Hackers are no longer just focusing on larger companies. According to Hiscox, small businesses that fell victim to a cyber-attack incurred losses ranging from £7,000 to an eye-watering £186,000 in a trend expected to continue throughout 2021. But what kind of costs make up these numbers?
While many companies report on the total cost of a cyber attack, these numbers can often end up looking overwhelming, particularly for small businesses. When a cyber attack hits your company, what are the expenses you need to budget for and to whom are you paying these costs? We’ve put together this breakdown to show you exactly how these costs add up using a business of 10 employees as an example.
This blog forms part of our small business cybersecurity series. Take a look at our 7 cybersecurity best practices for small businesses and get quick, actionable advice on how to begin protecting your business today.
Responding to the incident:
The majority of the costs associated with a cyber attack will be made up of dealing with the attack itself. These include any business downtime, particularly if your business operates primarily online, consultants to advise on what to do next and the expense of fixing any vulnerabilities as quickly as possible.
|Business Downtime||£600 Per Day||5-21 Days||£3,000 – £12,600|
|Employee time spent on dealing with incident||1-3 People||5-21 Days||£750 – £9,450|
|Third-party network & scanning tools||£2,000 – £5,000|
|Security consultants||1 consultant||1-2 days||£800 – £1,600|
|Web developer or security expert to fix vulnerability||1-2 people||2-5 days||£1,600 – £5,000|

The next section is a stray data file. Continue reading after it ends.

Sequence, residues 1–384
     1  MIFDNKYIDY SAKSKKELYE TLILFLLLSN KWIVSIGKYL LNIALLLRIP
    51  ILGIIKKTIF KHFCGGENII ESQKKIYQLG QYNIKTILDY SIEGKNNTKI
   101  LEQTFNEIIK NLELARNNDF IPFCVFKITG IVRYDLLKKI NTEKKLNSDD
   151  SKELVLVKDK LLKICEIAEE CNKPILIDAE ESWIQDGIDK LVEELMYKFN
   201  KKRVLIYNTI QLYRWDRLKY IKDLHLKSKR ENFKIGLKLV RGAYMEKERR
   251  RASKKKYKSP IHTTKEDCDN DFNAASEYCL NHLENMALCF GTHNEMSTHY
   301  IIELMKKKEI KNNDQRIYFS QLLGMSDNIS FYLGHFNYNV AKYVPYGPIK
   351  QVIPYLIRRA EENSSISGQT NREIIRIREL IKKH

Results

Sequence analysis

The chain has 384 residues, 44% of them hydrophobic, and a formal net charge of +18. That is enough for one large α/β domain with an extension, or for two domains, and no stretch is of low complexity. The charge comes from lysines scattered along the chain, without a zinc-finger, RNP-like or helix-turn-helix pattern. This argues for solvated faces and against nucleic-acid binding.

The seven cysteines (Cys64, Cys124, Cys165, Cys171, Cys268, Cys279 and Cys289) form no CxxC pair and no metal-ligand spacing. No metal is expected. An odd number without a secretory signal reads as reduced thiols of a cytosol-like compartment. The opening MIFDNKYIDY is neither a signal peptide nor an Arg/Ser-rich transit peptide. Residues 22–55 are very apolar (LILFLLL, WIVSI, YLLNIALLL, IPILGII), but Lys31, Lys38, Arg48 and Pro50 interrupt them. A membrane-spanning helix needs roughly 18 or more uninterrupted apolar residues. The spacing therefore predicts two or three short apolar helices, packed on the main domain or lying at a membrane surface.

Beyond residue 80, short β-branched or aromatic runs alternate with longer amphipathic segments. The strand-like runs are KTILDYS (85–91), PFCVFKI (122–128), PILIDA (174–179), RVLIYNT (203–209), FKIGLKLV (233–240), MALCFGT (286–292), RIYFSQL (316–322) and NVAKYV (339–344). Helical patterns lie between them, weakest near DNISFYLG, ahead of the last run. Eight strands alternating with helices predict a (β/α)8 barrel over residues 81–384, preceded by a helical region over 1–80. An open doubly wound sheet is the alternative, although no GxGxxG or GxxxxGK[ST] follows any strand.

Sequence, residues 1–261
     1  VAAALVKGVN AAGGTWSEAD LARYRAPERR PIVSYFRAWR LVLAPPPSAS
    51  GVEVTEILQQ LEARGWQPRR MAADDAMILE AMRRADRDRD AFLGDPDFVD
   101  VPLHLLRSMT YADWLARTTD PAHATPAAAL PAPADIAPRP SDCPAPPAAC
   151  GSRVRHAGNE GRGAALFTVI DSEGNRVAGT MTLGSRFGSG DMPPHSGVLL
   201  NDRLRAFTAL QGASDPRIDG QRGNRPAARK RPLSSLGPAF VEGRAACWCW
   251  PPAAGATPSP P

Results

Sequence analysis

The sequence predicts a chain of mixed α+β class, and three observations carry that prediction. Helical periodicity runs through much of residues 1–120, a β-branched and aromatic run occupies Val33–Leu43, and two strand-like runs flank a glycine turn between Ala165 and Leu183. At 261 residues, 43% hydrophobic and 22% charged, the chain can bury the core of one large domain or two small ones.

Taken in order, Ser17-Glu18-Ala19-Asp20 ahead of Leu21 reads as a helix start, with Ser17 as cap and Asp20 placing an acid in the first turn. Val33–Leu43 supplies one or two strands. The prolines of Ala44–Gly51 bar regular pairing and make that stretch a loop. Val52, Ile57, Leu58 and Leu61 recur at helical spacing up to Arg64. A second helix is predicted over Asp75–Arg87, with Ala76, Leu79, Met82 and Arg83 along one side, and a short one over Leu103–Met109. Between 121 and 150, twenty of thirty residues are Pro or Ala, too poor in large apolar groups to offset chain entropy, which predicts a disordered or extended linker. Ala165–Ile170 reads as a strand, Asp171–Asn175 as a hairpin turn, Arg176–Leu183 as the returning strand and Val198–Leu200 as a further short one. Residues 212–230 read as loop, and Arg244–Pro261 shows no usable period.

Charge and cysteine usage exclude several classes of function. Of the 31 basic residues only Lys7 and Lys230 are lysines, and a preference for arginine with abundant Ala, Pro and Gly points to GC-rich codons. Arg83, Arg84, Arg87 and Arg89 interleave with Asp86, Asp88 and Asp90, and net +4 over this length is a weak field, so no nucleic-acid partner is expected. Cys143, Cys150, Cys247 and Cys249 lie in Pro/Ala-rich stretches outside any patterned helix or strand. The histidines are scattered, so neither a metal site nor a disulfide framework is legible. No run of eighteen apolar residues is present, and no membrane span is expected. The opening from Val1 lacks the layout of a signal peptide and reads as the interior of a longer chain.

|Legal fees to ensure GDPR requirements relating to data breaches are met||1 consultant||1 day||£3,200|
Preventing further security incidents and data breaches
In addition to resolving the current security incident, business owners should prioritise preventing these types of security or data breaches from occurring again in the future. Measures to prevent further breaches should include monitoring software to report potential attacks at the earliest instance and employee training to ensure staff are aware of the most common cyber threats and how to avoid them.
|Network security||Router, firewall, switches||£900 – £2,000|
|Backup solutions||£30 per user, per year||£30 – £300|
|Anti-virus software||£300 per 10 devices per year||£300|
|Staff training||Yearly employee training||£100 – £3,000|
|Legal fees to ensure all legal data protection policies are in place||12 necessary documents to be compliant||£4,800 – £9,600|
Ransoms and GDPR Fines
With ransomware attacks becoming more prevalent, companies often find themselves paying ransoms to recover their encrypted data, especially if it includes sensitive information. If customer data is compromised, your company could also be liable for GDPR non-compliance fines. Wondering what to do if your company is hit with a ransomware attack? Take a look at our 5 step ransomware protection plan.
|Ransom fines||£1,000 – £25,000|
|Fine to the ICO for GDPR non-compliance||£15,000|
The total cost of a security attack
Even without the addition of ransomware and GDPR fines, the costs associated with a security breach could see the closure of several small and medium-sized businesses across the UK. As security breaches among SMEs increase, comprehensive and affordable solutions must become available to all companies.
Naq offers SMEs a one-stop cybersecurity and data compliance solution, including world-class cybersecurity, complete data compliance, staff training and security advice from as little as £99 per month. You can even try us for free today.